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With Illustrations and Biographical Sketches
of Some of Its Men and Pioneers.
Published 1882 by H.R. Page & Co., Chicago

There appears to have been quite an extensive brokerage and exchange business carried on in Manistee between the years 1860 and 1879. The pioneers in this business were T.J. Ramsdell and E.G. Filer, who opened a broker's office here in 1860. In 1868 Vanderpool & Field came here and engaged in the same business, which terminated in 1869, in the terrible tragedy which gave to Manistee a wide spread celebrity. In 1869 the "Bank of Charles Secor & Co." was started. Soon after Jeremiah Taylor started the "Merchants' Bank," and the "Lumberman's Bank" by N.W. Nelson. Still later Charles F. Ruggles established a brokerage and exchange business, under the name of the "Bank of Charles F. Ruggles."

The first incorporated bank was the
"State Bank of Manistee"

incorporated in February, 1879. Its officers were T.J. Ramsdell, president; James Dempsey, vice-president; William Dunham, cashier. The capital stock was $50,000. July 1, 1881, it became a national association, under the name of the "First National Bank of Manistee," with its capital increased to $100,000.  The officers are T.J. Ramsdell, president; M. Engelmann, vice-president; George A. Dunham, cashier. The directors are T.J. Ramsdell, M. Engelmann, James Dempsey, Joseph Baur, William Wente, John Mee and R.R. Blacker.

Report of Condition At Close Of Business
July 1, 1882.


Loans and discounts




US Bonds to secure circulation


Premiums paid


Five per cent. Redemption Fund


Due from banks


Cash on hand




Capital stock paid in




Undivided profits




Due to other banks





The "Manistee National Bank"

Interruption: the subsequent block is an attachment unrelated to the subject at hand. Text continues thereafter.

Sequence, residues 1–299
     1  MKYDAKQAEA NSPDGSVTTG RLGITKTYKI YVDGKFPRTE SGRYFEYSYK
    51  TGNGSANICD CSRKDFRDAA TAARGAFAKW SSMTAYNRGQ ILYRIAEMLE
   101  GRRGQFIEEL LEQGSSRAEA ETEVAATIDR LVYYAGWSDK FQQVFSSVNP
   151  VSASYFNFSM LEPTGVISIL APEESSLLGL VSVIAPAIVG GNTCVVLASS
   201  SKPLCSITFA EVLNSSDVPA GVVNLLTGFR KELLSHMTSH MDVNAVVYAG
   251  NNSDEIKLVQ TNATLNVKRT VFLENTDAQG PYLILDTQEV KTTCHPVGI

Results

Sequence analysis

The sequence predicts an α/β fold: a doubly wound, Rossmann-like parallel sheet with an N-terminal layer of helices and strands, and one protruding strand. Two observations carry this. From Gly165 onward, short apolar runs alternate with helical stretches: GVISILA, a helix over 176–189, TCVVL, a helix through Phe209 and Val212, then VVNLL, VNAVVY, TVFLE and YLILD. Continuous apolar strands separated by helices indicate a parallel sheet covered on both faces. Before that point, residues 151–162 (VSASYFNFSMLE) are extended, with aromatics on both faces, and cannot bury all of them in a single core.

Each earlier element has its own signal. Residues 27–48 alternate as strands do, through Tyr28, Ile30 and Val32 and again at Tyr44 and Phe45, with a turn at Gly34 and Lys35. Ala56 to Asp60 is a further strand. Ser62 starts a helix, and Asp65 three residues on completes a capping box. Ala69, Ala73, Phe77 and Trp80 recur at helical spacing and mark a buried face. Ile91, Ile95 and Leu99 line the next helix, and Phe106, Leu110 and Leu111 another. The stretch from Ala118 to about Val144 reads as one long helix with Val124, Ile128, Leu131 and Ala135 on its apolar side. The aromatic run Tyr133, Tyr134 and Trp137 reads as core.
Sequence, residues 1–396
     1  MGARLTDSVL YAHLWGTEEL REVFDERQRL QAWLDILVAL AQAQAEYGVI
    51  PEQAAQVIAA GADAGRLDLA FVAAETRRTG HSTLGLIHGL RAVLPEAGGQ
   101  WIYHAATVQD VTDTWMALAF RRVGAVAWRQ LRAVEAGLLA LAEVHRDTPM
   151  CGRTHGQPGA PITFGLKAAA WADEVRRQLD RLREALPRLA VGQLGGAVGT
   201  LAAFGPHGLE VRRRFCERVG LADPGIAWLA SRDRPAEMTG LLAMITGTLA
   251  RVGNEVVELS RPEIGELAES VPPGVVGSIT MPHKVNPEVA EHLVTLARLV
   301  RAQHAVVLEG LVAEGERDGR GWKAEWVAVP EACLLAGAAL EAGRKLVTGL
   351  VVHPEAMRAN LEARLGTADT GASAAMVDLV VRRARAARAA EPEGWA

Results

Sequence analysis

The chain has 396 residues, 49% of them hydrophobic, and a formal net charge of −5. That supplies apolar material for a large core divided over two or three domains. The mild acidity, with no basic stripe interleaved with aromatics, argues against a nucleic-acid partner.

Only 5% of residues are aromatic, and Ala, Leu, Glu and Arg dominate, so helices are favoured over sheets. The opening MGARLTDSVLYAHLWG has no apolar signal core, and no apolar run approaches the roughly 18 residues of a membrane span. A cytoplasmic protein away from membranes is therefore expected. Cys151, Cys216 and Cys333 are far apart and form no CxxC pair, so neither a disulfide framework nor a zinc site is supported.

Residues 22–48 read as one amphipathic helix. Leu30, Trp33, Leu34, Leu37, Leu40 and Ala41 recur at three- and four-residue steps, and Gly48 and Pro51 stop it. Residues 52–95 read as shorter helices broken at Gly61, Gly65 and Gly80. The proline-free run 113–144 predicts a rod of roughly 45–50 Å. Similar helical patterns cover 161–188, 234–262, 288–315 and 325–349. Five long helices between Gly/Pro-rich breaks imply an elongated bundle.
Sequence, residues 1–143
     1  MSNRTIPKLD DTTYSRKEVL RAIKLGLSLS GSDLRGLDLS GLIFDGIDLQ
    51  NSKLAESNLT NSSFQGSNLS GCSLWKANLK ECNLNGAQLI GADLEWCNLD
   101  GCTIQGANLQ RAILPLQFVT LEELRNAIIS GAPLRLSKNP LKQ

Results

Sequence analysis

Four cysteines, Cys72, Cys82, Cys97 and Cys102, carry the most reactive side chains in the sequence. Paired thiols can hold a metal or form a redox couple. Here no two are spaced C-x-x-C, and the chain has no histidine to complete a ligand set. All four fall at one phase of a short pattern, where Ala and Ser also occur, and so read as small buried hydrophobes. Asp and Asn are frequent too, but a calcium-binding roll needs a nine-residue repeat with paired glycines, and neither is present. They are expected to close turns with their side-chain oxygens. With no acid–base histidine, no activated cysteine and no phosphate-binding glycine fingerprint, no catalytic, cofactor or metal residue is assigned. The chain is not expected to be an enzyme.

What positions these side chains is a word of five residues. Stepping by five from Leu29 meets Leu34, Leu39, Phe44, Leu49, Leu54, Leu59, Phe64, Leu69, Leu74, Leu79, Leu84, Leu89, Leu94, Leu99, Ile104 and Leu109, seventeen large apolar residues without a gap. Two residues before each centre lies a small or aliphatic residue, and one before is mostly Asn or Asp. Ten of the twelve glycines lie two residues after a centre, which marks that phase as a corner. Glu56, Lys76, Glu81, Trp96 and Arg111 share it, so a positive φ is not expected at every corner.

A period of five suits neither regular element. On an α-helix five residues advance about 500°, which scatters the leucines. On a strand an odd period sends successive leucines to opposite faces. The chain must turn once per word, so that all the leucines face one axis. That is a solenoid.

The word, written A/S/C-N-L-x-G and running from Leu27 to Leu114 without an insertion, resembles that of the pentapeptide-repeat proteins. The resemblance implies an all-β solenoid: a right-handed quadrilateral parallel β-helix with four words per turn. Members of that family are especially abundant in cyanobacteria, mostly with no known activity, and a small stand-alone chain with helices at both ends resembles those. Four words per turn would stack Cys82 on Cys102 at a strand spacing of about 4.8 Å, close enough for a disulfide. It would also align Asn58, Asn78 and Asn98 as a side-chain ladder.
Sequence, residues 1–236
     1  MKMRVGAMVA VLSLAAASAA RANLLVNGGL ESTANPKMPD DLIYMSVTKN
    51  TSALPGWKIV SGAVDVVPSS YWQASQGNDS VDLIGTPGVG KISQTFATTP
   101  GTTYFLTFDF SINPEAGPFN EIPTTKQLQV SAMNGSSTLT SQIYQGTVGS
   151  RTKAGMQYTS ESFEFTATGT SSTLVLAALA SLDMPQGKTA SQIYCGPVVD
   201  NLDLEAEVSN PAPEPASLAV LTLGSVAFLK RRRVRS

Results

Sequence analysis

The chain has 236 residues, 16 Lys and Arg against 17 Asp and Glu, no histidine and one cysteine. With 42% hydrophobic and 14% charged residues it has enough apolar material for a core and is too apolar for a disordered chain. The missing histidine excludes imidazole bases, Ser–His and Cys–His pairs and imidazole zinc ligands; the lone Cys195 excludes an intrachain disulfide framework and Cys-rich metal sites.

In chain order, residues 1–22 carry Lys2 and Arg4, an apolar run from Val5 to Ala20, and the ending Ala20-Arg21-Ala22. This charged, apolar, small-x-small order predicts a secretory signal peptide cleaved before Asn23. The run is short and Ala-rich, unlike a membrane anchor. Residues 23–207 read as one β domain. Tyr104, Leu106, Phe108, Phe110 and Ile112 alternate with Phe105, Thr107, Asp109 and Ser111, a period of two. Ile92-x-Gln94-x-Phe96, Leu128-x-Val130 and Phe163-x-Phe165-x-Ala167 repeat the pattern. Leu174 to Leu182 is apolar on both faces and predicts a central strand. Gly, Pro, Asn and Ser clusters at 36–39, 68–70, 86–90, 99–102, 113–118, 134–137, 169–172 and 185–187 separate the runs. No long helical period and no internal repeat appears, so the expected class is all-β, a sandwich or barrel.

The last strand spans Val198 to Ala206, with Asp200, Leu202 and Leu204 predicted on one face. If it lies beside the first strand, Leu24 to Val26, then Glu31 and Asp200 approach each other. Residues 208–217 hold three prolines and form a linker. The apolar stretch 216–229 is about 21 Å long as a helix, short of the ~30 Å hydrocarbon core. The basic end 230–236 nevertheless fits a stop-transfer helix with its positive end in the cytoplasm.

opened for business January 10, 1882, with a capital stock of $100,000. The directors are R.G. Peters, E.N. Selling, Horace Taber, Louis Sands, M.R. Denning, John F. Nuttall, B.M. Cutcheon, John Seymour, William Vincent. Officers, R.G. Peters, president; Louis Sands, vice-president; George M. Burr, cashier.

The following is its

Report of Business At Close Of Business
July 1, 1882


Loans and discounts




US Bonds to secure circulation


Due from approved reserve agents


Due from other national banks


Real Estate, furniture and fixtures


Current expenses and taxes paid


Checks and other cash items


Bills of other banks


Fractional paper currency, nickels and pennies




Legal tender notes


Redemption Fund with US treasurer
(5% of circulation)





Capital stock paid in


Surplus fund


Undivided profits


National bank notes outstanding


Individual deposits subject to check


Demand certificates of deposit





This station was established at Manistee in the Fall of 1879. The first year it was in charge of James Morgan. He resigned April 1, 1881, and was succeeded by Capt. Henry Finch, who is still in charge. The building is a neat, two-story structure, and everything is kept in the most perfect order, and ready for use at a moment's notice. This is what is known as a complete station.